Congestive Heart Failure and Nutrition

By Dr. Sean M. Wells, PT, DPT, ATC/L, OCS, CSCS, CNPT, Cert-DN

Cardiac physical therapy is a rewarding area of PT practice that takes precision, complex thinking, and a team of specialists working toward a common goal. Often patients in cardiac rehabilitation present with chest pain (angina), ischemic heart disease, stents, bypass surgeries, and/or heart failure.

Doctors of physical therapy do their best to push these patients to maximize their endurance, functioning, and cardiac capability. We often do this through various interventions like treadmill exercises, stepping, strengthening, and breathing techniques.  After a recent study, nutrition may be one of those interventions that PTs need to focus more on.

New Study

Published in the British Journal of Nutrition, researchers found a correlation with plant-focused diets, like the MIND and Mediterranean diets, with left ventricular function. Specifically the researchers looked at cohort sample of 2,512 patients from the Framingham study and examined their dietary patterns relative to their cardiac function. The specific cardiac metrics included left ventricular (LV) ejection fraction, left atrial emptying fraction, LV mass (LVM), E/e’ ratio (dependent variables; primary), global longitudinal strain, global circumferential strain (GCS), mitral annular plane systolic excursion, longitudinal segmental synchrony, LV hypertrophy and aortic root diameter (secondary).

Among those with stricter adherence to the MIND diet the researchers found better cardiac functioning, specifically better LV functioning. This may prove to be very impactful for patients with congestive heart failure and other related cardiac diseases. 


What did the diet look like? The MIND diet focuses on reducing animal protein, saturated fats, while boosting intake of fruits (like berries), greens, and other whole foods like whole grains. The MIND diet has had solid evidence in the last decade or so with data connecting it to improved cognition and reduced odds of other neurodegenerative diseases. Perhaps now we can see that what is good for the brain is indeed good for the heart as well!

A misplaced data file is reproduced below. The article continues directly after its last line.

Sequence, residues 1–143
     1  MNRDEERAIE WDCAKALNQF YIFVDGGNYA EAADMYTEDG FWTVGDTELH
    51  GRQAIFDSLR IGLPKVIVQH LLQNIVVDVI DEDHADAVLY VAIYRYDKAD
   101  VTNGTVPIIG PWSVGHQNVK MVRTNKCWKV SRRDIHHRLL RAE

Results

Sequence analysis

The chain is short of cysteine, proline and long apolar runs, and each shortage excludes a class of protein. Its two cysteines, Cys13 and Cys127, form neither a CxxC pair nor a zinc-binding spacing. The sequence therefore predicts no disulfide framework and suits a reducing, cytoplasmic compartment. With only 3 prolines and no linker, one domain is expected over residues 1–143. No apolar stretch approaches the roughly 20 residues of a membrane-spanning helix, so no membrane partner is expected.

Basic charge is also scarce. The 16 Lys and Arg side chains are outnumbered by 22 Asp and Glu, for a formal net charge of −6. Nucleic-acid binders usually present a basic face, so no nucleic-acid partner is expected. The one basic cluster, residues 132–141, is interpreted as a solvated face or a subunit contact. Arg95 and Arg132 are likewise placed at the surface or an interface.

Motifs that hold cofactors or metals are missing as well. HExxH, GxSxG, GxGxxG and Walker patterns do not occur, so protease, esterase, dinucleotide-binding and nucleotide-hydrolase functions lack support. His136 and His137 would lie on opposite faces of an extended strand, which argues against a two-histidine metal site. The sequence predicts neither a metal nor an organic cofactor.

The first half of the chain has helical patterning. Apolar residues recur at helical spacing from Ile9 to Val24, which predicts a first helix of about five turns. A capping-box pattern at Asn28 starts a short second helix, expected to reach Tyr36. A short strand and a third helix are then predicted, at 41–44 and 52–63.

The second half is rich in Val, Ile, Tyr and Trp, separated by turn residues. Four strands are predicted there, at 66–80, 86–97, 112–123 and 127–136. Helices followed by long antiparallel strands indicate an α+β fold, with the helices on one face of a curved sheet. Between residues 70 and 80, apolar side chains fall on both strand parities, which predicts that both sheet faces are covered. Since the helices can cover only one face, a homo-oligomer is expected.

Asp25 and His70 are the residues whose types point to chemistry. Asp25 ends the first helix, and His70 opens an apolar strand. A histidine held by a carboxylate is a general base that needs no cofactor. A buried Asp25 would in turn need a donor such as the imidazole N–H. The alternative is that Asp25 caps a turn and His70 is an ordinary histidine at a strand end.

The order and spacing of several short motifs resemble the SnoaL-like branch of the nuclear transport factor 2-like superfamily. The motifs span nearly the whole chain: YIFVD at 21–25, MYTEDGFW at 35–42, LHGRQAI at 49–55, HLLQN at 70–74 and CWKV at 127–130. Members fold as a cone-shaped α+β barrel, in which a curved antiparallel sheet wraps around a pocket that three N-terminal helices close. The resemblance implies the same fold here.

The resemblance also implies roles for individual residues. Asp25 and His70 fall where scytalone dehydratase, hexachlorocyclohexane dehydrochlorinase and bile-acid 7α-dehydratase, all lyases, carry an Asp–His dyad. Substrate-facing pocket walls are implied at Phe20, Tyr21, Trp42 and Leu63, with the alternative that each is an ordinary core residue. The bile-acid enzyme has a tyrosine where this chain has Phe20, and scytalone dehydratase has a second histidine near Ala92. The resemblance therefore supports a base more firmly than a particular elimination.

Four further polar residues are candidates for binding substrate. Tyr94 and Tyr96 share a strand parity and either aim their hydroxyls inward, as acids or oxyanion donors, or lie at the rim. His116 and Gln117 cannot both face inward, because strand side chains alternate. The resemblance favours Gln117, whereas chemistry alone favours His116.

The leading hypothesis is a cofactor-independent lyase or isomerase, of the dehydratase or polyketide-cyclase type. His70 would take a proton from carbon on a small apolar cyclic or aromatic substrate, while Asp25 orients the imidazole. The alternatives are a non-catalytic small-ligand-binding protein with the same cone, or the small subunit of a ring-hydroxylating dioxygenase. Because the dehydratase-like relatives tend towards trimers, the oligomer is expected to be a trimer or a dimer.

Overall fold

What does this mean for PT?

Physical therapists are doctorally prepared leaders and we can educate our patients and engage our clinics and facilities to embrace evidence-based metrics, using studies such as this one to promote healthy eating. Speaking with our patients about reducing saturated fat, increasing whole fruits and vegetables, while also pushing them physically will optimize their cardiac and health outcomes. Engaging dietitians, nurses, and physicians to promote a more whole-food, plant-based diet will help patients with CHF get better, faster!

If you like what you see here then know there is more in our 3 board-approved continuing education courses on Nutrition specific for Physical Therapists. Enroll today in our new bundled course offering and save 20%, a value of $60!


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Learn about the Top 5 Functional Foods to Fight Inflammation and Pain in Physical Therapy. 

Photo by Liza Summer from Pexels

Keywords: nutrition, diet, continuing education, online, cardiac rehab, heart, PT, physical therapy, learning, physio, cardiac

Disclaimer: The above article is written as opinion piece and does not convey specific legal, medical, and/or practice act advice. 



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